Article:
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A woman claiming to be the mother of Fr. Maciel's daughter speaks.
NEW ORLEANS — On Dec. 5, 1994, seven daily newspapers in Mexico City ran half-page ads with a photograph of the Legionaries of Christ founder, Father Marcial Maciel Degollado, kissing the ring of Pope John Paul II. An open letter from the pope, celebrating Maciel's 50th anniversary as a priest, called him "an efficacious guide to youth."
On Tuesday in Mexico City, an attorney named Jose Bonilla announced that Maciel had six children. Two daily papers, La Jornada and Milenio reported that Bonilla was taking legal action against Maciel's estate on behalf of three of them, who are now adults. Bonilla is seeking legal recognition for his clients as heirs to Maciel. Only one has been identified.
Norma Hilda Rivas, 23, reportedly born in Mexico, now lives in Madrid "and enjoys a level of affluence such that she does not work [and] lives in a luxury apartment ... acquired by Marcial Maciel with money from the congregation's benefactors," according to La Jornada.
Bonilla's announcement is just the latest action against Maciel, who died in 2008 at the age of 87. In 1941, Maciel founded the religious order the Legionaries of Christ and became the greatest fundraiser of the modern church.
John Paul never wavered in his support of Maciel, even after a 1998 canon law case filed in a Vatican tribunal by eight former Legionaries accused him of abusing them as seminarians. The case gathered dust until 2004, when Cardinal Joseph Ratzinger in the final months of John Paul's life ordered an investigation of Maciel. A few months later Ratzinger became Pope Benedict XVI. In 2006, Benedict dismissed Maciel from active ministry, though without specifying why.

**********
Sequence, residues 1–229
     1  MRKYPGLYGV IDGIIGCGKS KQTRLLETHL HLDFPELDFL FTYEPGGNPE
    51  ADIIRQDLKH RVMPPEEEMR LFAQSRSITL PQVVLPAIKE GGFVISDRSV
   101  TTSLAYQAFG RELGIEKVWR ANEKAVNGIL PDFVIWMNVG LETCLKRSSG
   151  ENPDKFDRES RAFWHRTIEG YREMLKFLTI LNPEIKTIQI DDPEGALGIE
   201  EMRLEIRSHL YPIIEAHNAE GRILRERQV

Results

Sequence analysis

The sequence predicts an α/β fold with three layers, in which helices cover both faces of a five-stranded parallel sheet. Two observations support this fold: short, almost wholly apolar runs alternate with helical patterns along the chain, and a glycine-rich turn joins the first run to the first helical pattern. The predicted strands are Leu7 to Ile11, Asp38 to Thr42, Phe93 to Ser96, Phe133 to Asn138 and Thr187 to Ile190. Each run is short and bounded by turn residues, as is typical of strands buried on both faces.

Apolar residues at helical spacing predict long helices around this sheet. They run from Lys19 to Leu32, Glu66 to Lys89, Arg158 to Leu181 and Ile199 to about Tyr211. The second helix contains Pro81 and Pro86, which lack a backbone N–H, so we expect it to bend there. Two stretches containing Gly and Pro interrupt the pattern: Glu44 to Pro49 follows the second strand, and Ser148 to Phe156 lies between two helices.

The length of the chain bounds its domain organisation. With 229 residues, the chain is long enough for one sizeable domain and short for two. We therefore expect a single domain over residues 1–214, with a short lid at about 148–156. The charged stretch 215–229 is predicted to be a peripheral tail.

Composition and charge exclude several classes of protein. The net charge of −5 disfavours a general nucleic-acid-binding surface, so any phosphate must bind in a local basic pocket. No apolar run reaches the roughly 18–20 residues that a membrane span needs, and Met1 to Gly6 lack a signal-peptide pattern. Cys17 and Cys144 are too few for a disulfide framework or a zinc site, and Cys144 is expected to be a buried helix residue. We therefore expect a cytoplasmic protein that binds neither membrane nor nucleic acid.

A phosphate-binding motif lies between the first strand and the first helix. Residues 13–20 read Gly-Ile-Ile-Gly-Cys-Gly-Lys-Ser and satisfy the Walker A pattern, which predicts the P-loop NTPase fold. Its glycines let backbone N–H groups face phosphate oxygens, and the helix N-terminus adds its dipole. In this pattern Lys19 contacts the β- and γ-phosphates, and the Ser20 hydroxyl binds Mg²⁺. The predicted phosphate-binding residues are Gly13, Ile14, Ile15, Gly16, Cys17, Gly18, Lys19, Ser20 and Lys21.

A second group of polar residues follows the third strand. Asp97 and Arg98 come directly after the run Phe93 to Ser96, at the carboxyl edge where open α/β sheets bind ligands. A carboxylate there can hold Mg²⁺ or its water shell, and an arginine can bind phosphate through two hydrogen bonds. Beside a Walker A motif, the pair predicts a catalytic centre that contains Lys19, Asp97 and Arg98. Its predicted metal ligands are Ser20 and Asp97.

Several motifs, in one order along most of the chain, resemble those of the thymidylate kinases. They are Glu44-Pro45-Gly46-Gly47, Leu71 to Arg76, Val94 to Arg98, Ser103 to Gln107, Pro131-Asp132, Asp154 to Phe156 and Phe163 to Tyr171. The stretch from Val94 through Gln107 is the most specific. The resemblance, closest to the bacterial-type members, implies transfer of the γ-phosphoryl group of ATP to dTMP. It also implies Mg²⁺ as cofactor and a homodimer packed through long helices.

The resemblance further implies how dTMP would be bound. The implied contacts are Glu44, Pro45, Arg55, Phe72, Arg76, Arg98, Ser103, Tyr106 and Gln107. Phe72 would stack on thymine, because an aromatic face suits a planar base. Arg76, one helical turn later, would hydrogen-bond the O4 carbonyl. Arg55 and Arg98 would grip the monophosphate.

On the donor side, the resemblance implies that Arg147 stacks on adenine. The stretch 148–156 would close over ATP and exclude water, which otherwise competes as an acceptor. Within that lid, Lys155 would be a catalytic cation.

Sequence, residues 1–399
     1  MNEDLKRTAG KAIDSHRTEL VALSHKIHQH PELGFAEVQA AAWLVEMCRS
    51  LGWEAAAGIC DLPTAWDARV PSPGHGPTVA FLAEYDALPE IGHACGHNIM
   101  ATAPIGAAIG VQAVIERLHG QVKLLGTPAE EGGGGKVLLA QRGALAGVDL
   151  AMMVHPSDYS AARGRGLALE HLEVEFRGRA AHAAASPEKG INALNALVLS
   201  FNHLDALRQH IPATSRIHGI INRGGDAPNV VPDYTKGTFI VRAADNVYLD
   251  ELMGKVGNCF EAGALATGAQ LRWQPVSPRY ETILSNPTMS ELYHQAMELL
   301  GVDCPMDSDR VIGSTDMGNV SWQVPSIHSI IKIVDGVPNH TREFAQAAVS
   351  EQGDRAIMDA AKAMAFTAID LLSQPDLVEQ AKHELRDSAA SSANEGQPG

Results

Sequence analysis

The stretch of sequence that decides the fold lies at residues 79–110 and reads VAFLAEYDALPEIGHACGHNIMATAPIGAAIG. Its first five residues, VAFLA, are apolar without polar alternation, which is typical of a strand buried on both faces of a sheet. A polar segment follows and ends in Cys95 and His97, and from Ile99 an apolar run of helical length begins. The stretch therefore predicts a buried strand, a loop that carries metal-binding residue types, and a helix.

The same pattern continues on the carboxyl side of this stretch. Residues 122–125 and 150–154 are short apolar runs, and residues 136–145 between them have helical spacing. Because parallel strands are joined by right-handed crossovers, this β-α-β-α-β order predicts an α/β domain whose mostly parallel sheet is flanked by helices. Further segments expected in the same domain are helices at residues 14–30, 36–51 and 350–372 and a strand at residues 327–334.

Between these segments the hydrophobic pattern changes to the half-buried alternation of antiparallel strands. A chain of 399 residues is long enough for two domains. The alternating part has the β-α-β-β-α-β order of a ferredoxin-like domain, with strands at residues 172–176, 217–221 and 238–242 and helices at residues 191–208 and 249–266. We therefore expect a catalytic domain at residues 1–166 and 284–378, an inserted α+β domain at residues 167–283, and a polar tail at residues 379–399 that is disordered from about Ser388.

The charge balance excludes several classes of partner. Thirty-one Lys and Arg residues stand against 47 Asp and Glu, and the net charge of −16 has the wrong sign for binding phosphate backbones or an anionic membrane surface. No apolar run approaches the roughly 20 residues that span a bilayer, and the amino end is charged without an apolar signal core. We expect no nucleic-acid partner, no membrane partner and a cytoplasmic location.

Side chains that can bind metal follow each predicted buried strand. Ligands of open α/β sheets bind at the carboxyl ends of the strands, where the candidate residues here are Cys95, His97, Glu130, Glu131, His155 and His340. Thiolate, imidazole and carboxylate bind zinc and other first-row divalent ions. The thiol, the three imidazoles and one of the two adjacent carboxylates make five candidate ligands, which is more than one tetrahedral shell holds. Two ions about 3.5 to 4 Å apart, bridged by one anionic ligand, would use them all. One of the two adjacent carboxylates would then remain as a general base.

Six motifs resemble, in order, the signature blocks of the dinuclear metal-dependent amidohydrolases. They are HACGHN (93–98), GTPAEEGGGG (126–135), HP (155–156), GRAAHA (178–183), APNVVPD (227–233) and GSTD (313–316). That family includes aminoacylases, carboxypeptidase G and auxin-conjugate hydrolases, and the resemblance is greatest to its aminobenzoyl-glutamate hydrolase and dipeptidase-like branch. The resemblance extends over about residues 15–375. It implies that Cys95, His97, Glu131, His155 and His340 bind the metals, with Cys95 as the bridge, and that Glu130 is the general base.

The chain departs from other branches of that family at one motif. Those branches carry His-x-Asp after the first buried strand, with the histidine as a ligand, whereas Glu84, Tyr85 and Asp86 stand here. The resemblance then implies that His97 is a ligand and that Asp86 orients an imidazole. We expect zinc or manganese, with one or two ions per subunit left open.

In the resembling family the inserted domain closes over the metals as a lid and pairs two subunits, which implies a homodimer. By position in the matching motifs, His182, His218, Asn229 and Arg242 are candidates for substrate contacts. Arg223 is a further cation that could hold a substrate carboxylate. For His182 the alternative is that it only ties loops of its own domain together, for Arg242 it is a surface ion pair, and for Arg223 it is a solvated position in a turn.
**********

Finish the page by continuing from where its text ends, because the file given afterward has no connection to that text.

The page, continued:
In February, the Legion shocked its followers by disclosing that Maciel had fathered a daughter out of wedlock. The Vatican announced a new investigation, this time of the Legion itself. Catholic blogs have raised questions about the daughter, her mother, whether they have financial support from the Legion, how much — and how long — Legion officials knew about them.
In June the Holy See named six bishops from as many countries as "visitators" to gather information from Legion schools, seminaries and colleges in Latin America, North America and Europe.
As the investigation progresses, it seems that one of Maciel's hidden connections has gone public. Rivas's mother was interviewed in an Aug. 9 report in the Madrid webmagazine PeriodistaDigital. "When I met this man I was under aged," Norma Hilda Banos, identified as 48 and a native of Acapulco, said of Maciel. "Neither my daughter nor I knew who this man really was until the very end."
The daughter "was abused by her father, Maciel," PeriodistaDigital quoted Hilda Banos as saying. "She suffers from severe trauma from her childhood and I don't believe she is ever going to get over it."
The site further reports that Maciel left Hilda Banos "two homes in her name in the exclusive Madrid building where she lives and three [other] places, all valued at about 2 million euros."